Also called daisy coral or whisker coral, Duncan corals can be a beautiful addition to a tank. Lately, they have become a darling of most hobbyists as they are quite easy to care for. They also grow very fast and have very minimal requirements. First time hobbyists will find they need little attention, yet they can be extremely beautiful when all their needs are met.
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Appearance of Duncan Corals
It looks like a zoanthid with its large yet fleshy polyps. It belongs to the species of the LSP (Large Stony Polyp) corals. Sometimes it gets confused with the button polyp species. The difference however, is that it has a calcified skeleton. It stays healthy in high calcium concentrations and magnesium hardness waters.
The coral often exhibits lovely flowing bright colors like pink, cream and white. The color of the skeleton is usually a bright white. Unlike most corals, the tentacles are very few and short. These few tentacles are far spaced, allowing one to see the bright skeleton.
They are photosynthetic in nature. They are also symbiotic zooxanthellae. Most of their feeds are obtained by hunting. After they capture their feeds, they are directed to their mouth found at the center of the large fleshy polyps.
The coral can live for years if well taken care of. In the wild, some have been able to live for more than a hundred years. In captivity, hobbyists have reported that it is a hardy coral that stays healthy with the right water conditions and proper feeding.
In the wilderness, it lives in rocky, sandy beaches found mostly in Australia and Southern China. In the wild habitat, they are known to live in colonies of clustered individuals or branching groups. They often settle at the bottom of low current sea or reef. Their scientific name is duncanopsammia axifuga.
For a long time, the Duncan corals were unique to Australia and China. A ban was imposed on exportation of the corals from Australia. This made their availability to other countries almost nil. However, after the ban was lifted, most aquariums around the world were able to acquire it. At the moment, the Duncan coral has become a darling to most US aquariums.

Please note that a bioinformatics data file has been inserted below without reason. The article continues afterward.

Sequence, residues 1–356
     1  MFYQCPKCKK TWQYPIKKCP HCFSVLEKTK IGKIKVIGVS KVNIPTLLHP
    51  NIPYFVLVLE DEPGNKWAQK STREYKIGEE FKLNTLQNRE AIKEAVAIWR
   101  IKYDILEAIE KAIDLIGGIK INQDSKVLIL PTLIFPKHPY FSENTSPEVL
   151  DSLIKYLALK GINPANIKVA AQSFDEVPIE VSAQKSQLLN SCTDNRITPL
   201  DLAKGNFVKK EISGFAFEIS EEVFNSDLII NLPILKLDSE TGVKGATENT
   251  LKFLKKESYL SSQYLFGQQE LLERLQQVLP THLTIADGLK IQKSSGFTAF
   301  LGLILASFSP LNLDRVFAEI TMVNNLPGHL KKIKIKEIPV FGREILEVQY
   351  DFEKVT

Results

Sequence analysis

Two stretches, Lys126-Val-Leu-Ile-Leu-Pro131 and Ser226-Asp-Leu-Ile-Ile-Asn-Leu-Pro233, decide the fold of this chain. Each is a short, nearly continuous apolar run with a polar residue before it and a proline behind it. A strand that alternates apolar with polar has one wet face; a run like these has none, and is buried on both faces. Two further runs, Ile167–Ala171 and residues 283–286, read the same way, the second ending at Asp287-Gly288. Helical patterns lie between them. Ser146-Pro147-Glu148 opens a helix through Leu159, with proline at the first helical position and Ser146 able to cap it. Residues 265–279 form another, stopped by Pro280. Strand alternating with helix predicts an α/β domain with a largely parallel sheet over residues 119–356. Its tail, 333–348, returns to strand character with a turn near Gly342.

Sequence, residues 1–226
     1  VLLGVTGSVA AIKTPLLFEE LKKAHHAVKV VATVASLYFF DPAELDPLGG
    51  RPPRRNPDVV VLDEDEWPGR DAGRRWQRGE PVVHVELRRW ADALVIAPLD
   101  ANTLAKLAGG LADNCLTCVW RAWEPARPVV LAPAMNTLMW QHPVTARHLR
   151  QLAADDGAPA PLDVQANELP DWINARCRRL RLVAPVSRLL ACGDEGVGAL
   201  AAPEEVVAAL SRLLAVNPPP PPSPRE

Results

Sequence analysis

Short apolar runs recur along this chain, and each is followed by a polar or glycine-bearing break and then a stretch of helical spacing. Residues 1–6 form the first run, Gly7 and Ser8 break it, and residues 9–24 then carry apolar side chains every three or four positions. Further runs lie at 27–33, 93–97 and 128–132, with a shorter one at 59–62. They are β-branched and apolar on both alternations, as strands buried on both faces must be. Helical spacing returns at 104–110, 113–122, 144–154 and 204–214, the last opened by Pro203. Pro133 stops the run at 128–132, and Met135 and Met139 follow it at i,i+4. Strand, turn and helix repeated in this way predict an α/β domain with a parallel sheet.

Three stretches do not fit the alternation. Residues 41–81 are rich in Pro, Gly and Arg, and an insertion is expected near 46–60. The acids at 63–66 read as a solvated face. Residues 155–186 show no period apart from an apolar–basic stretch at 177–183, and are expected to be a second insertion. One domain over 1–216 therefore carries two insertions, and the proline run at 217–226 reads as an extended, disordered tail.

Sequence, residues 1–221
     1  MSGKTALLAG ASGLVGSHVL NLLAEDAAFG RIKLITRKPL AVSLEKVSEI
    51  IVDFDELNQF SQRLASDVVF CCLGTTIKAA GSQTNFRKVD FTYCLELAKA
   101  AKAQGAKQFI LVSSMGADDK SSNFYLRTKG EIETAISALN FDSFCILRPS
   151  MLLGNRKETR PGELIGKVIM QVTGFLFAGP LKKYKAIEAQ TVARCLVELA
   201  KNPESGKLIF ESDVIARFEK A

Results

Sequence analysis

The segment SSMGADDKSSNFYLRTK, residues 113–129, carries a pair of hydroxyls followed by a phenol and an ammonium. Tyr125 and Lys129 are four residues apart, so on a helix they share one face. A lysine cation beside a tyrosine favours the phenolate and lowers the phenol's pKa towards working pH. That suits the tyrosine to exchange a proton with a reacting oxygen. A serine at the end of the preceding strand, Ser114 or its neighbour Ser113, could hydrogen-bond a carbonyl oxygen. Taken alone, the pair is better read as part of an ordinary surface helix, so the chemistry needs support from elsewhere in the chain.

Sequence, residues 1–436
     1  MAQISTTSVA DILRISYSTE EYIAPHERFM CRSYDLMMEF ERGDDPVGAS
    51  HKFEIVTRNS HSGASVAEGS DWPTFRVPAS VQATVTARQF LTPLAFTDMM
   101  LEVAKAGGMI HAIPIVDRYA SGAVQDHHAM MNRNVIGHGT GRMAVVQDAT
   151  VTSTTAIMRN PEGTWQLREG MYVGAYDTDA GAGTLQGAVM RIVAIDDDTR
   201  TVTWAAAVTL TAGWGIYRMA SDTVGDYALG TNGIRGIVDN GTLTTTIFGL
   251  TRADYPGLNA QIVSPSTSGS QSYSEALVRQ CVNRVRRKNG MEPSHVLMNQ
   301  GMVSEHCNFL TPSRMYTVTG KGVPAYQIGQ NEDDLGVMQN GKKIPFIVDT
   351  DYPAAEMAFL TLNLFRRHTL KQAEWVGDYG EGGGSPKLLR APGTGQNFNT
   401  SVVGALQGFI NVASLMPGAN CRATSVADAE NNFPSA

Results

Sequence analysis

Although the Duncan coral is easy to care for, it has requirements that ought to be met if it is to stay healthy. Some of these are adding in some reef into the tank as this is what it enjoys most. Also ensure the light in the tank is high to moderate. The coral is a large stony polyp that uses lots of light to photosynthesize. Remember this is its way of getting its food and other needed nutrients. When incorporating light, it is important to use metal halide lighting, compact fluorescent, ultraviolet lighting and T5 high output fluorescent.
The coral enjoys high water current in its natural habitat. This can be done to it in the tank if it is to thrive. As a matter of fact, trying as much as possible to imitate its natural surrounding can assure its longevity in captivity.
It is a salt water coral so you need to keep moderate to high amounts of calcium and magnesium in the water. To be sure the water concentration is just right, test the water occasionally to keep it healthy. If the concentration is too high, the coral may waste away. Anytime the water parameters go beyond what is required, change the water to restore its quality. One way of doing this is by adding part-2 reef supplement.
Other factors to consider:
- Water temperatures of between 70 and 80 degrees Fahrenheit can do
- Water pH should be 8.2-8.4
- Add some rocks into the tank to give it a place to take some rest
- Add some sand as well as they love the feel of sand on their tentacles
The Duncan coral knows how to source for its food in the wild. This is different in captivity. Here, the hobbyist has to provide sufficient feeds so that it not only stays healthy but grow fast. Appropriate feeds for the coral include:
- Mysid shrimp and brine shrimp
- Nauplii larvae
- Tigropius copepods or cyclops
- Meaty bits
- Chopped pieces of shellfish
Feed the fish at least twice each day. When giving food, target the mouth by placing the food in the Julian’s Thing that resembles a pipette. This will help direct this food into its mouth. In case the food is placed away from it, keep the current moving so that it moves the bits of food close to it.
Like most crustaceans, the Duncan coral reproduces by binary fusion. In other words, part of its body separates and another frag is formed. This can be done artificially to a tank Duncan coral. Part of its stony branches can be seared using dremel tool or bone shears. The stony stalk’s bottom is then attached with cyanoacrylate glue to a piece of live rock.
Remember the new frag will form a new colony. Carefully anchor this one to bare rock. The colony needs secure support. If not, it may be too heavy as the skeleton often grows vertically instead of horizontally. This may prevent it from attaching itself to surfaces.
Ensure the base is strong enough to bear the weight of the crown’s tentacles without falling over. Wounds that form as a result of tipping over often get infected and this may lead to its demise.
Duncan corals are not blessed with sweeper tentacles. For this reason, they do not have potent stings like other coral species. They cannot therefore sting other corals that stray to their side of the tank. Placing them in the same tank with corals possessing sweeper tentacles can be quite detrimental.
Ideally, keeping the Duncan corals is real fun. Apart from having little demands on a hobbyists time, they are generally hardy. They also exhibit unique yet lovely colors. When properly cared for, they are likely to reward the hobbyist with fast growth and excellent color.